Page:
A campaigning Queenstowner says traffic lights at a crossing will stop more kids suffering gruesome injuries like his grandson.
David Palmer has lobbied for alterations to the Stanley Street zebra crossing since young Kenn Ishi-Palmer was run over there in July.
Kenn, eight, sustained a compound fracture to his leg when he was struck by an SUV.
He’s still recovering. Palmer wrote to the mayor Vanessa van Uden and has been in talks with the NZ Transport Agency over the junction.
Council bosses announced on Tuesday that lights will be installed there early next year.
Palmer says: “I think it’s an excellent move and the sooner the better.
“It’s a very, very dangerous situation - everyone we talk to says so.
“I went there a few days after the accident to take photos and saw another child almost hit in the same way.”
Palmer says there were no legal threats, just communication and his measured pleas.
“I wrote what I thought was a pretty convincing letter.
“I think they knew I wasn’t going to let it go.”
The agency has also been good, he says - “we’ve spent quite a bit of time talking about the options”.
Palmer says he understands the reluctance to have traffic lights installed at the crossing, by the mini-roundabout with Ballarat St.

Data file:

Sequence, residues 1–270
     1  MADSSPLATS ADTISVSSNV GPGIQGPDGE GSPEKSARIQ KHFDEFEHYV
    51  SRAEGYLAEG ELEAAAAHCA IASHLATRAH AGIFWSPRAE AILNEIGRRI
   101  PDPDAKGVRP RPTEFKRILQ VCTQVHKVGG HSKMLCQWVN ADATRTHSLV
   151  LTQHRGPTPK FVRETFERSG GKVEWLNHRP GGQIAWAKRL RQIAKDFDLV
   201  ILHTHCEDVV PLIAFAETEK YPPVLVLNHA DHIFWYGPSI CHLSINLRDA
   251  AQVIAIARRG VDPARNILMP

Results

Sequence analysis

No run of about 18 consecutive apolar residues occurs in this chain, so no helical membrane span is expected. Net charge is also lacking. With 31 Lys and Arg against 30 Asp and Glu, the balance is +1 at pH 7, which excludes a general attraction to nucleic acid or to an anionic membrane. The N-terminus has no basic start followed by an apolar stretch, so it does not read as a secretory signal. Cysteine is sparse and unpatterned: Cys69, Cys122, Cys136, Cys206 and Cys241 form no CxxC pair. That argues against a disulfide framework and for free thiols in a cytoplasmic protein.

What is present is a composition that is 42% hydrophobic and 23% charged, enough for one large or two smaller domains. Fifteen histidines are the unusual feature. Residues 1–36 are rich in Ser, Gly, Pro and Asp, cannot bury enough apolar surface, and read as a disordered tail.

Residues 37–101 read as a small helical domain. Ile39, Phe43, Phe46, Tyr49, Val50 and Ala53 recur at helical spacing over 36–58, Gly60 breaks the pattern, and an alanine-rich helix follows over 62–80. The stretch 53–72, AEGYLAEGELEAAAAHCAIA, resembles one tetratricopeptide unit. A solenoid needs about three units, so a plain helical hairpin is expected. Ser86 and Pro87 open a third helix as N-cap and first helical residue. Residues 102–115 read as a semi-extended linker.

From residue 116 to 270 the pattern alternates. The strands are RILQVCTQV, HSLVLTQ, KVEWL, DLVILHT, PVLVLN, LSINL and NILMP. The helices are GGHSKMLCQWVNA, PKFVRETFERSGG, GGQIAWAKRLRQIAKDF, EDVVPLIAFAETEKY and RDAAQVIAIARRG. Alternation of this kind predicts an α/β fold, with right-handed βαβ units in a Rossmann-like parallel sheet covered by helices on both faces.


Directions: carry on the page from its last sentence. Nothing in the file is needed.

But he says it’s the only practical solution as if the crossing is moved, people will still cross at the original place.
Lights will also be installed at the Stanley St and Shotover St junction. They’ll cost less than $600,000 in total and should be operational by April.
The driver of the SUV that hit Kenn - Fernhill man Owen Robert Darby, 32 - was banned from driving for six months, fined $750 and was ordered to pay $2500 to the boy.
His lawyer told the court in September he was extremely remorseful - “an absolute mess”.
The front right wheel of his SUV ran over Kenn’s leg, breaking it in several places and causing the bone to pierce the skin.
Darby had been in the left-hand lane and, his view of pedestrians blocked by a van in the right lane, failed to stop in time.
Kenn spent seven weeks in a plaster cast so heavy he couldn’t walk, but he’s on the mend.
“Kenn’s pretty well recovered, he’s in good shape,” Palmer says.
“He’s still got a bit of physiotherapy going on but give it a few months and he’ll be totally back to normal running around.”
Safety patrols will be stationed at the crossing over the holidays.